South African lender Absa will not buy a Nigerian bank, its Chief Executive Officer told Reuters on the sidelines of the World Economic Forum (WEF) in Davos, clearing up a lingering question over how it will execute its aggressive growth strategy.
Chief Executive Maria Ramos said that while Nigeria is a big and exciting banking market – where the World Bank estimates 60 million people did not have a bank account in 2017 – it would build its presence there slowly and organically and did not plan to become a top lender.
“For us to be in the top three or four would mean us going out and acquiring a Nigerian business,” she said on Thursday. “The Nigerian banks are big and expensive and we wouldn’t be looking to do that.”
South Africa’s third-biggest lender had not previously been so explicit on its intentions in Nigeria, which is set to become a lively battleground in the fight for Africa’s banking market.
It has highlighted the country as key to its plan to double its share of banking revenues on the continent to 12 percent – one of a series of ambitious targets Absa has set as it tries to carve out a name for itself after separating from Britain’s Barclays in 2017.
On Thursday, however, Ramos was cooler on the potential in Nigeria, described by McKinsey last year as a “sleeping giant” where banking penetration is far lower than expected relative to income levels.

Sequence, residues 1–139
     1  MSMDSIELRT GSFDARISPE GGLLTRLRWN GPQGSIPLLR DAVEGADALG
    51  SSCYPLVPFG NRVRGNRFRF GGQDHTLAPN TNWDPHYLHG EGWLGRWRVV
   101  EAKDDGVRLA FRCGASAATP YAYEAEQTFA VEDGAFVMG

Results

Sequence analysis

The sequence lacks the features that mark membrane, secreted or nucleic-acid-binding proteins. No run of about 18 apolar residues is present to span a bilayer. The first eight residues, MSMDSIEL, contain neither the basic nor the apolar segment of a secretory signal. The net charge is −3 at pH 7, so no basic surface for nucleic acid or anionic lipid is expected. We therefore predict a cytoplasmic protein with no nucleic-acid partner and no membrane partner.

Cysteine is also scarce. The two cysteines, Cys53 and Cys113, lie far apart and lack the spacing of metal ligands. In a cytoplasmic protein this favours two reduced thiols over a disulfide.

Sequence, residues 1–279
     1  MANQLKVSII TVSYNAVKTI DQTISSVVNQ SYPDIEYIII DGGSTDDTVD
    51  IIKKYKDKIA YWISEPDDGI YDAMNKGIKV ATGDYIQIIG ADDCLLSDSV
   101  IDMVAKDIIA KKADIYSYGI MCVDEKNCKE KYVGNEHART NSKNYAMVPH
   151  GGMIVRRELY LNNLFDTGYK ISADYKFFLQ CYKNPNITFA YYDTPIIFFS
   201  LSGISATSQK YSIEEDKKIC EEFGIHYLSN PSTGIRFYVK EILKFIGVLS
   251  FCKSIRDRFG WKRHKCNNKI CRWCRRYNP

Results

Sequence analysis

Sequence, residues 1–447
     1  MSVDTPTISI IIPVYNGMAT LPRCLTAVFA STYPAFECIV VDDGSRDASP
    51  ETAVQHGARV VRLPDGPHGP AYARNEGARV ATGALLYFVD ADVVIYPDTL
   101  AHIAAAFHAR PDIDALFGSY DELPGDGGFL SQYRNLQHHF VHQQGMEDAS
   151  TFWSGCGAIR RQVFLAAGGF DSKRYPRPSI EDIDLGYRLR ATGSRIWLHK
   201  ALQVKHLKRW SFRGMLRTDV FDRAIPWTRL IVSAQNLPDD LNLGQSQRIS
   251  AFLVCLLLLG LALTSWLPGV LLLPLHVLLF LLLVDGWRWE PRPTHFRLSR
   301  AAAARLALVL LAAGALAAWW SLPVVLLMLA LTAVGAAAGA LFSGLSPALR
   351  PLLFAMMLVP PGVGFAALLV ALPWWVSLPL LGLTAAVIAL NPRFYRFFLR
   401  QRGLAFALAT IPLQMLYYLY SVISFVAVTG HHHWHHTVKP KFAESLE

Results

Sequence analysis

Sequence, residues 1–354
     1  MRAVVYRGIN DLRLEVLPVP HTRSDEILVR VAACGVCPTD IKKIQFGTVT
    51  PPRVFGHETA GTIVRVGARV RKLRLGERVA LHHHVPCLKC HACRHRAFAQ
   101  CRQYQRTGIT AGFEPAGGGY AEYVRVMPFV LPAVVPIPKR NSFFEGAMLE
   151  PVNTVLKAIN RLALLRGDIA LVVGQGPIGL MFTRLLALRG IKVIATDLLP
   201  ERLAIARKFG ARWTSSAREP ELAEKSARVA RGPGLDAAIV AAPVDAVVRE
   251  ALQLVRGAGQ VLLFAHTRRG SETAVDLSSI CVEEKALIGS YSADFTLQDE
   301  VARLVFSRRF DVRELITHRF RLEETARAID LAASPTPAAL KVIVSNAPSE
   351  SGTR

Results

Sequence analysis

The market was “big and exciting” and remains important, she said, but Absa was concentrating on the “huge amount of opportunity” in its other markets outside South Africa.
While offering huge potential in financial services, which both lenders and African telecoms giants like MTN are looking for ways to tap, entering Nigeria has proven complicated for some foreign firms.
MTN, also headquartered in South Africa, was recently faced with having to hand over as much as $10 billion to Nigerian regulators, a threat that hung over the firm for months before it finally settled the largest case for a vastly reduced amount.
Ramos also said Absa’s strategy elsewhere in Africa would be centered on organic growth rather than acquisitions.
“To go and acquire something has to make a huge amount of sense, it has to be value-accretive,” she said.